If you were watching me, you would see me trying to do everything ‘perfect’ the way it is ‘supposed’ to be done, and typically I start taking over everything that needs to get done. I am also incredibly short with my words, yell more than I want to, and when it’s awful, I make these comments about how I do everything. Though these things are far better than they had previously been in my life, they are not at all who I want to be. I am grateful that these days I recognize this about myself and have permitted a handful of people to call me out when they see these behaviors. Sometimes I take longer to accept it like last week. It was when I couldn’t stand to be around myself anymore that I knew I had to STOP.
The first boundary I needed to address with myself was my thoughts. Where did my ideas come from? Are they true? If they are from someone, is that someone I trust and believe in doing life in a way I admire?
The truth is . . .
I am doing my best.
I am not the only person struggling.
I have never been in a national crisis like this before, so there is no ‘supposed to.’
We always figure out how to make it work.
If what we try now doesn’t work, we can change it, and that doesn’t make me a failure.
The truth is we only have 100% to give overall.
Now I have to get honest with myself and let go of things that do not belong to me and make sure I am taking care of what does. So I go through my list of things I am responsible for, like my attitude, choices, behavior, desires, feelings, thoughts, and love. The hardest part is getting honest with myself and others about what I can do and asking others for help.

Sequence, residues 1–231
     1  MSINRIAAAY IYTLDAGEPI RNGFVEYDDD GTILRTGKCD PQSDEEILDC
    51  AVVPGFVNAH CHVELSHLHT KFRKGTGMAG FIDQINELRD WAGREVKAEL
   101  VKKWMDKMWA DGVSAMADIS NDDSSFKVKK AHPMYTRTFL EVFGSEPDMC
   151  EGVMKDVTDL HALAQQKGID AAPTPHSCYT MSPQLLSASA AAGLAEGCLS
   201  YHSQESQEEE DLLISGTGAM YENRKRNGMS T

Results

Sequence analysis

Life is hard! Parenting is hard! Being in a relationship is hard! We are not designed to do it alone; in fact, science and scripture tell us people are hardwired for connection.
We can not give what we do not have. If I am not patient, I can not expect my children to be. If I do not love myself enough to put boundaries in place, I can not teach my children to have limits. If I am not humble or courageous enough to ask for help, I can not expect my children. If I am not honest when I fail, mess up, make a wrong decision, I can not expect my children to be. If I allow circumstances to dictate my attitude, behavior, choices, feelings, desires, love, etc., I can expect to watch my children do the same.
If you are struggling, ask for help, until you get it from someone who lives in a way you admire, maybe even desire. If you know someone who is struggling and won’t ask for help, tell them a story about how you have asked for help in the past. If someone asks you for help, don’t pass judgment, don’t slap a scripture of positive quote on their back and pull them up. Instead, validate what you can for them, encourage them, and hold them accountable in a thoughtful way.
Moms, women, let’s start believing the best in ourselves and each other. I think the majority of people are waking up every day doing the best they know how to do, and like Maya Angelou said, “When we learn better, we do better.”